Home Top News PHL fiber broadband adoption ‘extremely challenging’

PHL fiber broadband adoption ‘extremely challenging’

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By Luisa Maria Jacinta C. Jocson, Reporter

THE WIDER ADOPTION of fiber broadband in the Philippines remains “extremely challenging,” but that may soon improve if the government successfully implements a project to roll out fiber-optic infrastructure in last-mile areas, Fitch Solutions’ unit BMI said.

In a report, BMI said the Philippine Digital Infrastructure Project (PDIP), which was recently approved by the National Economic and Development Authority (NEDA) Board, will “catalyze further foreign investment in the Philippines’ wider information and communications technology (ICT) ecosystem.”

“Adoption of fiber broadband at the household level remains extremely challenging in the Philippines, and the PDIP may only provide marginal upsides to our outlook,” it said.

BMI forecasts expect over 1.83 million FTTx (Fiber to the x) subscriptions in 2033, for a penetration rate of 1.4 every 100 people. This is higher than its 2024 FTTx forecast of 1.58 million subscribers with a penetration rate of 1.3 per 100 people.

“We believe that obstacles to consistent and widespread fiber uptake remain the prices of packages in last-mile areas, particularly stemming from the elevated costs of rollout that are further increased by the Philippines’ archipelagic configuration,” it said.

BMI said its forecasts reflect a consistent uptake for fiber broadband among households in metro and suburban areas.

“Execution and project management will be key for the success of the PDIP to boost stronger fiber uptake among Philippine-based households. By extensively co-financing last-mile area rollout, wholesale network providers and internet service providers (ISPs) may be encouraged to further decrease prices on fiber bundles though at the expense of average revenue per user (ARPU) figures,” it said.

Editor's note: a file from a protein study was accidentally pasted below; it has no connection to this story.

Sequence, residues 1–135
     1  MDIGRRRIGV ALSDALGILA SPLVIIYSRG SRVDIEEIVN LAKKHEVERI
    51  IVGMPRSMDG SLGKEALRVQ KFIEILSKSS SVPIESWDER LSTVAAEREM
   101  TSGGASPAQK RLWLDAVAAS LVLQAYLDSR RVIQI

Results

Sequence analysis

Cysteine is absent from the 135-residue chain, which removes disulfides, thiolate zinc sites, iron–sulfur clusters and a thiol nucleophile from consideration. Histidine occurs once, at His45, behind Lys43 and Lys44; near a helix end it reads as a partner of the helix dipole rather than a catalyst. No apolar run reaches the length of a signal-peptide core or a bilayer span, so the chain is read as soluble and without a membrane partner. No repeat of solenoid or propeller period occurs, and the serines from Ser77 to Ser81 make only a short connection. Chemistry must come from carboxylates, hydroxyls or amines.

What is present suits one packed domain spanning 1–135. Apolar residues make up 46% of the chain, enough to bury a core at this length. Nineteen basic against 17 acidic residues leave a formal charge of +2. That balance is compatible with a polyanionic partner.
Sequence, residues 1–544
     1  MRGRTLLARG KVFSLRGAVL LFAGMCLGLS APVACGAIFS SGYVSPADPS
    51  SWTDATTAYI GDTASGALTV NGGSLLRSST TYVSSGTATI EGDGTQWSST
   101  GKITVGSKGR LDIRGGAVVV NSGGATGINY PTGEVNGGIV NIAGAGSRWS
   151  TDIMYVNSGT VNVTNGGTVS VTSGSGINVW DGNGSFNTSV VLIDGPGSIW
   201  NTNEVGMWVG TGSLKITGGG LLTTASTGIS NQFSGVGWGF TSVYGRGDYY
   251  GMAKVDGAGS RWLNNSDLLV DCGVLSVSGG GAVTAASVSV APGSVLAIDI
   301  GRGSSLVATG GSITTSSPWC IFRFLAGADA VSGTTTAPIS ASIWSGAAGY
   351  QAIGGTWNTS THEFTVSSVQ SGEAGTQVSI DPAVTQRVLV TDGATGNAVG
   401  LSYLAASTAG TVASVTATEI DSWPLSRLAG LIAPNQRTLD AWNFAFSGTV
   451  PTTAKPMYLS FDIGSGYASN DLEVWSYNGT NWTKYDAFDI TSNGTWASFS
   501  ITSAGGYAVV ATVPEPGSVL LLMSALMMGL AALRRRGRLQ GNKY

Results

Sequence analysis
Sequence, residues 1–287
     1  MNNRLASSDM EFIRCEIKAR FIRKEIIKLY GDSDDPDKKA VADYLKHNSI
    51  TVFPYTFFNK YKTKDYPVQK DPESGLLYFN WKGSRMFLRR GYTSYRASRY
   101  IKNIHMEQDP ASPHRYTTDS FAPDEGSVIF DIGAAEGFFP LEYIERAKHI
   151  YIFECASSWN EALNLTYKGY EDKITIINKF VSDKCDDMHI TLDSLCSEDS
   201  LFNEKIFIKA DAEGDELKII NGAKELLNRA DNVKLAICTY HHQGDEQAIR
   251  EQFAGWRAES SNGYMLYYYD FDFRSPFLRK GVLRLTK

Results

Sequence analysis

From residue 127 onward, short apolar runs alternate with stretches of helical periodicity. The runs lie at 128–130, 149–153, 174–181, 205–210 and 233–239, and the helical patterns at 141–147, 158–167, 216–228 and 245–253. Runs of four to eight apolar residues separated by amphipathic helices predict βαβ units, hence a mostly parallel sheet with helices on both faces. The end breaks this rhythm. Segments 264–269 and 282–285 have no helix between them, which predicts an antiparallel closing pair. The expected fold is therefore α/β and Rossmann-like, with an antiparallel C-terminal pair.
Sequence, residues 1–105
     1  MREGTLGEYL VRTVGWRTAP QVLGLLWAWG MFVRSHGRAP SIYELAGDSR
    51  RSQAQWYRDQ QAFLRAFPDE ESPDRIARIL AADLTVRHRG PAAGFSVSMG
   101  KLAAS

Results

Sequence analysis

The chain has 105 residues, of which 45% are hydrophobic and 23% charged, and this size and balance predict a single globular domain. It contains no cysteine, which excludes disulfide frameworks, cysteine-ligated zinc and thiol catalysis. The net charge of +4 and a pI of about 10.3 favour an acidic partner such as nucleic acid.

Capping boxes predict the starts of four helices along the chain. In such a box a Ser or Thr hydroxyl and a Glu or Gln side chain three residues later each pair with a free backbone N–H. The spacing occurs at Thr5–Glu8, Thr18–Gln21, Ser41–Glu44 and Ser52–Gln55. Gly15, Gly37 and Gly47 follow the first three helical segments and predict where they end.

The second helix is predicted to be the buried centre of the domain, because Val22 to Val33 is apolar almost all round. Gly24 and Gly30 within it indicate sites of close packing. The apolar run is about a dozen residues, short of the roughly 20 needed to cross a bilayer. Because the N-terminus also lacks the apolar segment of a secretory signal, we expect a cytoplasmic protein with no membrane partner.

BMI said fiber broadband providers that also own the infrastructure are tweaking their strategies to boost uptake.

“Consumer interest in fiber is evident and grounded in sizable mobile data traffic increases,” it said.

For example, it cited Globe Telecom, Inc.’s mobile data traffic which grew to 1,600 exabytes (EB) in the fourth quarter of 2023 from 836 EB in the first quarter of 2021.

“That said, consumers have shown that they are not immediately able to (consistently) buy in long-term contracts with prices around P1,500 ($25.5).”

BMI noted that there have been efforts to introduce low-cost fiber offerings, such as from Globe, PLDT Inc., and Converge ICT Solutions, Inc.

“Renewed government efforts to fiberize the Philippines’ last-mile areas will be beneficial for the players with a large risk-seeking stance. Regardless, wider digital transformation ambitions and the attractiveness of the Philippines’ ICT market are set to benefit from a stronger nationwide backbone and last-mile network density.”

Meanwhile, National Campaigner of digital advocacy group Digital Pinoys Ronald B. Gustilo said that the PDIP will help hasten the government’s efforts to provide internet connection to disadvantaged areas.

“We are hoping that this will also pave the way for the decrease in internet rates and the improvement of the quality of connectivity services,” he said in a Viber message.

Sam Jacoba, founding president of the National Association of Data Protection Officers of the Philippines, said that upgrading the country’s digital infrastructure is the “foundation for the country to remain competitive in the global digital economy.”

“It is crucial that the investments will strategically target areas or segments in the country that will bolster digital economic activities, while bridging the digital divide,” he said in a Viber message.

Mr. Jacoba said there must also be a focus on digital skills training and enablement. Digital content creation initiatives should also be targeted to growth areas such as artificial intelligence, he said.

“Hopefully, the digital economic impact of this loan-funded project will eventually pay for itself through the new digital businesses that it will create,” he added.

Mr. Gustilo also called for the strict implementation of Executive Order No. 32, which streamlines the processes for the construction of telecommunications and internet infrastructure. This would cut red tape and ensure the delivery of internet services to geographically isolated and disadvantaged areas, he added.

The World Bank earlier reported that household penetration for fixed broadband in the Philippines stood at 33% in 2022.

The cost of fixed broadband was more than four times more expensive than Malaysia and Vietnam and more than double the Southeast Asian average, it added.

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